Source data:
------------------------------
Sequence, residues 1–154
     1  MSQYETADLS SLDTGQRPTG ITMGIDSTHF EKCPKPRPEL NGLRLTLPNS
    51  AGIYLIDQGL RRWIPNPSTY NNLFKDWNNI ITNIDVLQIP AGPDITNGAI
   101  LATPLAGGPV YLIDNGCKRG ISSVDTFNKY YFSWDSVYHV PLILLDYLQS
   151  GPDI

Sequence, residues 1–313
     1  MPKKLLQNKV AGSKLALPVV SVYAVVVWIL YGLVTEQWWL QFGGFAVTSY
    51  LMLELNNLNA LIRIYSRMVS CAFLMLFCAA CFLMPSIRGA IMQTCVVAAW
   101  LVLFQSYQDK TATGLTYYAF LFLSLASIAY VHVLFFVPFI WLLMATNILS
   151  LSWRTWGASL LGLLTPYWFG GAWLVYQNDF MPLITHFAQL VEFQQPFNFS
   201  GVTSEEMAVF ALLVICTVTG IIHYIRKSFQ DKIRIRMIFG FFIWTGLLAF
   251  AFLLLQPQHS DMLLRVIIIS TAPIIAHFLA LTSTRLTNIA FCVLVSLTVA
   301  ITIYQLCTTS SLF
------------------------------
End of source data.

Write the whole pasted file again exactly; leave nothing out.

Sequence, residues 1–154
     1  MSQYETADLS SLDTGQRPTG ITMGIDSTHF EKCPKPRPEL NGLRLTLPNS
    51  AGIYLIDQGL RRWIPNPSTY NNLFKDWNNI ITNIDVLQIP AGPDITNGAI
   101  LATPLAGGPV YLIDNGCKRG ISSVDTFNKY YFSWDSVYHV PLILLDYLQS
   151  GPDI

Sequence, residues 1–313
     1  MPKKLLQNKV AGSKLALPVV SVYAVVVWIL YGLVTEQWWL QFGGFAVTSY
    51  LMLELNNLNA LIRIYSRMVS CAFLMLFCAA CFLMPSIRGA IMQTCVVAAW
   101  LVLFQSYQDK TATGLTYYAF LFLSLASIAY VHVLFFVPFI WLLMATNILS
   151  LSWRTWGASL LGLLTPYWFG GAWLVYQNDF MPLITHFAQL VEFQQPFNFS
   201  GVTSEEMAVF ALLVICTVTG IIHYIRKSFQ DKIRIRMIFG FFIWTGLLAF
   251  AFLLLQPQHS DMLLRVIIIS TAPIIAHFLA LTSTRLTNIA FCVLVSLTVA
   301  ITIYQLCTTS SLF